Al did not read form as “art form” or “forming of the nation” he takes us to page 16 of Baker’s text  (I will use the first six words in the quote and the last six this will continue for all other long quotes) “When I use the word ‘form, …even an easily described spatial apperception.” Al also takes us to the bottom of page 16 and top of page 17 from “As we move beyond a solid…forward such notions is a mask.” Al thinks of form as the in-between as in the Derridian sense that in-between the dichotomy. It opens up the dichotomy and displaces it. Al sees form in the Duboisian sense of double-consciousness (the Hegelian sense) of seeing oneself through the eyes of the other. So the form would be the space in between. If you see yourself through the eyes of the other then you never see yourself and in a sense you never see the other so the dichotomy is displaced. Al references Franz Fanon and how he reformulates that by seeing how the notion of whiteness (the materiality of whiteness) is constructed in relation blackness and there is a space in-between that is not oppositional but differential in relation. This is how Al sees “form.”

Tasia brings up Baker’s notion of “a valued repository of spirit” (17), the notion of an archive containing both artistic form and issues of citizenship because in order to be some contained discursive practice a container to be drawn upon seems to suggest both.

Professor Mathes continues to read from where Al stops “It is difficult to convey notions…repository for a quintessential American ritual.” Baker is resisting the idea of form as a definitely identifiable thing. When he brings in the idea of a “mask” or the form of masking is crucial to allowing one to negotiate double-consciousness. Al asks if masking is a kind of passing. Professor Mathes responds that it could be but it is purposely distinct from passing. Masking however is more like a gorilla tactic. Washington is doing a certain kind of masking. The masking has that potential to be both subversive and complicit. Nadia uses the word “intentional” which seems to be the distinct difference between masking and passing. For Al masking is strategy you actively deploy and passing doesn’t have to be a strategy you deploy it could be just how you are perceived. Masking is so much more intentional and you don’t leave much room for the viewer to reconstruct you.

Professor Mathes shifts the conversation to measuring Baker’s use of sound and sounding where he is deploying it in metaphorical and non-metaphorical ways, against or in concert with Moten and/or Weheliye as they are all talking about sound and its relation to black identity. For Moten, performance is key. For Weheliye technology is crucial. Al asks in relation to Weheliye and Moten can a song perform since Weheliye believes that the invention of the phonograph delinks the material presence of the body and the voice. So if there is no performer standing behind the record player and all you have is the voice then what kind of performance would that be? Professor Mathes states it becomes an acousmatic performance (acousmatic adjective Referring to a noise that is heard but whose source is hidden, Referring to Pythagorean disciples who for years listened to his lectures from behind a curtain, unable to sew him; (context, music) Referring to music that cannot be performed live on stage, e.g. some types of computer music). This performance has a different status (status being the difference between there being a person or not) from Aunt Hester’s scream in the flesh.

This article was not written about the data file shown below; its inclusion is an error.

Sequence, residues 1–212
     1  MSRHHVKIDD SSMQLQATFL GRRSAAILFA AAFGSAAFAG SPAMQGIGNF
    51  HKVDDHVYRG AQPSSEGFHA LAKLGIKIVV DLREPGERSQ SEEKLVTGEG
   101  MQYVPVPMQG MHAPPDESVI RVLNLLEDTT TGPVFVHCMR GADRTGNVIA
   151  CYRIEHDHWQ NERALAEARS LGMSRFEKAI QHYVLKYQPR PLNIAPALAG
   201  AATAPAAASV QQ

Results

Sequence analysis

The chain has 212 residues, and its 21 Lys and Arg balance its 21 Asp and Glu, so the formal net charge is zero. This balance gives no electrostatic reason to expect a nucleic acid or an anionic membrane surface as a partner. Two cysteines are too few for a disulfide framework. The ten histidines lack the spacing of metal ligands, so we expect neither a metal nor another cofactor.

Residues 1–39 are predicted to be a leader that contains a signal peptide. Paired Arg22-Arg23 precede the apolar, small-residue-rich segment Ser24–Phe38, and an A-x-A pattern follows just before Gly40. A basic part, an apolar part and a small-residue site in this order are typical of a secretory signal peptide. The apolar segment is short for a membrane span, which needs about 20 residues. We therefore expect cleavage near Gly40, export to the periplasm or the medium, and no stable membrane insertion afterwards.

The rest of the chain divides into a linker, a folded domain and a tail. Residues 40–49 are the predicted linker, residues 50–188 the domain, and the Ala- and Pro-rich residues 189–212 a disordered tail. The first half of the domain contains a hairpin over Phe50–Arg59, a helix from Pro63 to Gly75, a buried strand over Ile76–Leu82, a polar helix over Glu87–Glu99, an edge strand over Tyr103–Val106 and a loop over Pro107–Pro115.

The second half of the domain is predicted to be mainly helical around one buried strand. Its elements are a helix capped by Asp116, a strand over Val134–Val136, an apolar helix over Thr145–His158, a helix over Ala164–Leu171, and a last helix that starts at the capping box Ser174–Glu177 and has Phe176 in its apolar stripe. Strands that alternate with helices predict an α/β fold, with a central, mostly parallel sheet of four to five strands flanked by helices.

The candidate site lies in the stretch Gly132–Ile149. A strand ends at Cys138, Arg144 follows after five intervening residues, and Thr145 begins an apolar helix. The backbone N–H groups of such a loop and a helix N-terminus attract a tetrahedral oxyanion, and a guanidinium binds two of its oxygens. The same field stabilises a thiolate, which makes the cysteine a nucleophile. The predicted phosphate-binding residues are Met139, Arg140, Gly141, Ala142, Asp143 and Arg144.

Al asks why is there a different status and what does that status mean? The difference would mean whether you buy into the distinction between the original (authentic) and the copy (reproduction).

TAMARA’S NOTE: This brings to mind Benjamin’s “The Work of Art in the Age of Mechanical Reproduction” Benjamin talks about the loss of aura through mechanical reproduction of art itself. So a painting has an aura but a photograph does not because it is the copy of an image. So aura represents originality. Can we apply this to sound?

Al brings up the point that Weheliye suggests that the “original” is always already a reproduction because it only stands as an original in relation to being reproduced. If you don’t have the technology to reproduce things then you would not be thinking about the original.

Torleif adds that in creating music with technology the original is now the master tape and not the performance.

We will pick up discussion next class

(Tamara Jones)


Class Notes

February 14, 2011


Listened to: Marion Brown’s musical reading of Karintha

Question: What is the effect of actually hearing the humming (that which is associated with Negro spirituals) which Toomer would like to have us associate with the reading of Karintha?

In Cane, Toomer creates a literary soundscape of Black modernism:

  • Dense compression of time rural past/urban present
  • Question: If Toomer is decoding the haunting of Black history with such a close compression of time, does putting the text of Karintha to spoken word do something to destabilize such a project?

Autobiographical quotes from Toomer:

  • “Cane was a swan song, a song of an end…”
  • “Never in life” would Toomer want the life conditions under which he wrote Cane to be replicated

Question: What were you struck by in the reading of Karintha?

  • Disrupted relationship with text
  • Haunting becomes absent from sonic experience
  • Upward inflection, lack of pauses, improvisation by narrator creates rift between interpretations of two different presentations
  • Reader replicates aspects of meter and rhythm which Toomer included


A darkly humorous story: Kabnis is an “other” within the South

Toomer uses the landscape as an entry point to history, collective consciousness—massiveness of landscape with respect to human being